[10]           Shortly after July 8, 2015, the Officer visited Mr. Chambers where he was being held. During this meeting, the Officer instructed him to fill out the forms provided and left her business card. She said she would be back to retrieve the completed documents at a later time. The Officer returned in late August 2015 to retrieve the forms, and, during a brief interaction, provided Mr. Chambers more information regarding his rights and the section 44 process.

[11]           In November 2015, Mr. Chambers’ girlfriend received a disclosure package from the Canadian Border Services Agency [CBSA] regarding his admissibility hearing before the ID. Mr. Chambers contends that it is only following receipt of those documents and retaining a lawyer that he learned he may face deportation. However, this evidence is contradicted by the fact that he received a warning letter from the CBSA in 2010 following his first reportable conviction and by his responses to the questions in the forms provided to him during the section 44(1) process. In those forms, Mr. Chambers indicated who would be affected should he be removed from Canada, how he would be affected if removed from Canada and wrote the following narrative: “If I get a chance to stay in Canada I would be crime free. Anything the government wants me to do to stay, I do it. I swear on my life.” In addition, upon agreeing to a plea bargain with respect to the robbery, Mr. Chambers said that his lawyer told him he “may get sent back to Jamaica”.

IV.             Impugned Decisions

[12]           In her section 44 report, the Officer reported that Mr. Chambers was inadmissible pursuant to paragraph 36(1) of the IRPA. In her narrative, she made reference to a warning letter Mr. Chambers received from the CBSA in 2010 about his first reportable conviction. She noted that she believed Mr. Chambers’ desire to attend a relapse prevention program to be disingenuous; his only motivation being the risk of being deported. Further, she stated that his failure to explain the circumstances of his July 2015 conviction was “concerning”. The Officer found that Mr. Chambers showed a low prognosis for rehabilitation and a high risk to reoffend. The Officer took into consideration Mr. Chamber’s family circumstances, including his girlfriend, his one-year-old son in Canada and his 20-year-old son in Canada. She recommended a referral to an admissibility hearing. On September 17, 2015, the Minister’s delegate referred Mr. Chambers to the ID for the hearing. Following the admissibility hearing, the ID found that Mr. Chambers met all the criteria to be found inadmissible under subsection 36(1) of the IRPA and made a removal order against him.

V.                Issues

[13]           Mr. Chambers raises the following issues:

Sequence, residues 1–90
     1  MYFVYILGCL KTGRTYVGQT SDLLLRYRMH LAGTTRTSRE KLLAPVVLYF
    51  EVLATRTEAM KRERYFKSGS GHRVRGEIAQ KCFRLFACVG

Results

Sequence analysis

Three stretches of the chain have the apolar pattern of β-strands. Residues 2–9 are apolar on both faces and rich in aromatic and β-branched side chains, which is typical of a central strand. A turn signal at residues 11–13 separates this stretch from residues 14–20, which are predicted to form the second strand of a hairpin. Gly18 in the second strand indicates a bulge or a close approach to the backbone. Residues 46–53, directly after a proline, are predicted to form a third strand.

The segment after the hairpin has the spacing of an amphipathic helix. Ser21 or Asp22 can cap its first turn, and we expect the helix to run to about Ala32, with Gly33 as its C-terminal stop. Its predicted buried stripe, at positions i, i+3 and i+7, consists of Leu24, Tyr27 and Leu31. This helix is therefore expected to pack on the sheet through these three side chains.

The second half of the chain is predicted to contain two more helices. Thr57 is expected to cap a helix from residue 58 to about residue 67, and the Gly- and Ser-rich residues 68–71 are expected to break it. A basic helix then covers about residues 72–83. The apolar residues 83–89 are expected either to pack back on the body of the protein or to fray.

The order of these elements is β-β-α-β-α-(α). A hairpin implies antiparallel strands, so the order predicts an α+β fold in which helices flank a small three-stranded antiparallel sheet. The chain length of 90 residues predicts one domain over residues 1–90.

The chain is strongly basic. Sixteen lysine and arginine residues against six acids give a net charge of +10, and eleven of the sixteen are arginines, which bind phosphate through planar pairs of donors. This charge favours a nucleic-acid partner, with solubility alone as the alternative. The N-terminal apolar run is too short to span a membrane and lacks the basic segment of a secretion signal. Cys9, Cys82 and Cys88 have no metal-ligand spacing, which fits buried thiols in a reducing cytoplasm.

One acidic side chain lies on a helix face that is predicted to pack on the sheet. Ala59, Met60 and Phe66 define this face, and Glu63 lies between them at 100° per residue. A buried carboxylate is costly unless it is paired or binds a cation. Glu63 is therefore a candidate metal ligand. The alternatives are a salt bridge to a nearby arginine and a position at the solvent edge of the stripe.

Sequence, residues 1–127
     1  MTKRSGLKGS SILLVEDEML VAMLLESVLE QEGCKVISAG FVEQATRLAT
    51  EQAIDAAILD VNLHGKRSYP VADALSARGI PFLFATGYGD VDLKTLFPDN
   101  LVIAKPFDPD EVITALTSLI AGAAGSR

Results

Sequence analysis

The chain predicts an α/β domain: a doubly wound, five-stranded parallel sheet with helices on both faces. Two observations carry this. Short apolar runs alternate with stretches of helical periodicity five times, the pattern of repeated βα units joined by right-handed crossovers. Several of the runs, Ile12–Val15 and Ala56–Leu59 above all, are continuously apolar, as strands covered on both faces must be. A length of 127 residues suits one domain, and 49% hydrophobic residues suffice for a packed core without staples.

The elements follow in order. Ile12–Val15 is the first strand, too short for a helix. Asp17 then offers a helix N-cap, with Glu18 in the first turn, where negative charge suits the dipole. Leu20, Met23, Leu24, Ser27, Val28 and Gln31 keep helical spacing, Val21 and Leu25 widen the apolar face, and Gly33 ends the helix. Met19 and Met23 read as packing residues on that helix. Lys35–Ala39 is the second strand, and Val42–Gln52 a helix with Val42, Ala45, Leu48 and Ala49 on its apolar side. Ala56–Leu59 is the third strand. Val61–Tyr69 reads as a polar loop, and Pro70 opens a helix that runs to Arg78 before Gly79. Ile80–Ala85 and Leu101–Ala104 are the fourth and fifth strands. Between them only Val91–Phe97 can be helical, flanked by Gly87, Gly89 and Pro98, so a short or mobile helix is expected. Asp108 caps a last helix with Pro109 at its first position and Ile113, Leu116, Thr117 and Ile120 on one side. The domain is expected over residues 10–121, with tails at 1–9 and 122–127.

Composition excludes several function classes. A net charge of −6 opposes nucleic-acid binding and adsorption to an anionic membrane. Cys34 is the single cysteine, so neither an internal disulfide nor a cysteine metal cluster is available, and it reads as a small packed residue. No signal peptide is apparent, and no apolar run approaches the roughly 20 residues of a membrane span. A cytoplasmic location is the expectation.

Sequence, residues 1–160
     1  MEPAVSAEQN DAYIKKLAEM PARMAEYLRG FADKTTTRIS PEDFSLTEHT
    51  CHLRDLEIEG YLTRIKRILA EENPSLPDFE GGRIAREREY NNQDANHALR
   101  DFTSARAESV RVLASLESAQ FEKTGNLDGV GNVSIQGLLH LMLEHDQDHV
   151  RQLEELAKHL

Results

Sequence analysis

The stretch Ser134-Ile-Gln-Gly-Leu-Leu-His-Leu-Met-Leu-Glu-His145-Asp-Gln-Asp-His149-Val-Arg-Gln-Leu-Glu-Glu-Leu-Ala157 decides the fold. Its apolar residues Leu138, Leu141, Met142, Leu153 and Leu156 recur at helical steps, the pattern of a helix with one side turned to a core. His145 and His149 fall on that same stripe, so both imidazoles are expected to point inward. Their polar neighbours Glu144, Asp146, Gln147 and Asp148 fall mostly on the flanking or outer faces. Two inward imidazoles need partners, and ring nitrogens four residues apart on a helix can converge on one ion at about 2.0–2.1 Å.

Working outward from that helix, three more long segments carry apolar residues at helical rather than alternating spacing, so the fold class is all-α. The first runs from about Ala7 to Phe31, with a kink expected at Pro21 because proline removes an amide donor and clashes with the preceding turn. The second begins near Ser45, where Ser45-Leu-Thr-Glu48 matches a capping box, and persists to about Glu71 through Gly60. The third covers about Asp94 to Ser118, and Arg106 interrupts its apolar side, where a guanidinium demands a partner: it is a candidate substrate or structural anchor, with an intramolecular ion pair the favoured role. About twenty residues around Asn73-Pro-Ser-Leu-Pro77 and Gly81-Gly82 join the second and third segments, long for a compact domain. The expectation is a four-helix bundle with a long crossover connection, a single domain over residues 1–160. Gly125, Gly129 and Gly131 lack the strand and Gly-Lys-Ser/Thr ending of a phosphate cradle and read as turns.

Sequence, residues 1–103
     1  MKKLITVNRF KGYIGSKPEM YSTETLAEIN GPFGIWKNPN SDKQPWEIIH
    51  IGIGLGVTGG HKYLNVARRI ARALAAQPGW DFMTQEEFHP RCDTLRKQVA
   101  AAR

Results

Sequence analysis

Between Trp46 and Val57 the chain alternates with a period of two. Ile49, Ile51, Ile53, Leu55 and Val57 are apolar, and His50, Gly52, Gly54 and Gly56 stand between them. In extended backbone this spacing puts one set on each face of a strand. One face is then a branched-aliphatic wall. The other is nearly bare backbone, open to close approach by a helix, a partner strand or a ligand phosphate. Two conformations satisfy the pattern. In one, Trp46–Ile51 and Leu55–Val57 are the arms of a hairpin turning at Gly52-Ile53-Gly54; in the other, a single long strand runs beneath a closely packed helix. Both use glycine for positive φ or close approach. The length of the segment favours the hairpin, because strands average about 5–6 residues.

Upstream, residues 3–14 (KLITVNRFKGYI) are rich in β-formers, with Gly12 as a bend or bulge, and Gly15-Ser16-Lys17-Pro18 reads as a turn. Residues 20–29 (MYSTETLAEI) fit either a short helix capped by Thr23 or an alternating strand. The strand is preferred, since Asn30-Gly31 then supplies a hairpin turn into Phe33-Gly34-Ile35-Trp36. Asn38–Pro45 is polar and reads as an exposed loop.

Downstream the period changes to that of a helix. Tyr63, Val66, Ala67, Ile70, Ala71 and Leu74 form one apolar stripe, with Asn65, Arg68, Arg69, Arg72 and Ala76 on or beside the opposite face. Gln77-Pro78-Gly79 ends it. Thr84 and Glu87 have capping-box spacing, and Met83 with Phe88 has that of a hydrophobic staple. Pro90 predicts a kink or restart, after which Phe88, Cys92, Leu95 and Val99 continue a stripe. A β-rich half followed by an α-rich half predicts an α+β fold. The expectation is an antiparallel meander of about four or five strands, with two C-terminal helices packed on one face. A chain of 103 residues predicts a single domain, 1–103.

1.                  Did the Officer observe the principles of procedural fairness and natural justice?

2.                  Was the referral decision reasonable in the circumstances?

VI.             Standard of Review

[14]           It is trite law that when the standard of review applicable to a question is settled, no further analysis regarding the appropriate standard is required. Questions regarding the duty of fairness owed by an immigration officer under section 44 attract the correctness standard of review (Dunsmuir v New Brunswick, 2008 SCC 9, [2008] SCJ No. 9; Cha v Canada (Minister of Citizenship and Immigration), 2006 FCA 126, [2007] 1 FCR 409). That is, in the circumstances, was the duty of fairness met?

[15]           The ID’s decision and the antecedent steps (subsections 44(1) and 44(2) analysis) taken toward reaching that decision are measured against the standard of reasonableness. They must fall “within a range of possible, acceptable outcomes which are defensible in respect of the facts and law” (Dunsmuir, above, at para 47) subject, of course, to any procedural fairness issues raised.

VII.          Analysis

A.                Duty of Procedural Fairness

[16]           Mr. Chambers contends the Officer failed to provide him with appropriate procedural fairness during their initial meeting in July 2015. Instead of meaningfully explaining to him the nature and consequences of a subsection 44(1) report, he contends the Officer simply dropped off the forms, with her business card, and said she would return to retrieve the forms in a week. Mr. Chambers expresses particular concern about the rapidity with which the Officer wrote her report, which, he contends, demonstrated a failure to consider “his evidence and circumstances”.

[17]           The Respondents contend that procedural fairness with respect to section 44 reports is “relaxed and [consists] of the right to make submissions and to obtain a copy of the report” (Richter v Minister of Citizenship and Immigration, 2008 FC 806 at para 18, [2009] 1 FCR 675). Mr. Chambers acknowledged in his affidavit that the Officer left him forms “A44 (1) Inadmissibility Report - Background and Personal Information Form” [PIF] and “A44 (1) Inadmissibility Report - Supplementary Questionnaire” [Questionnaire]. He acknowledges he had approximately one month within which to complete them. The Respondents’ position is that the forms afforded Mr. Chambers the right to make submissions, he in fact made submissions, and he received a copy of the report in order to prepare for the admissibility hearing. The Respondents contend this procedure meets the requirements of procedural fairness expected in the circumstances. I agree.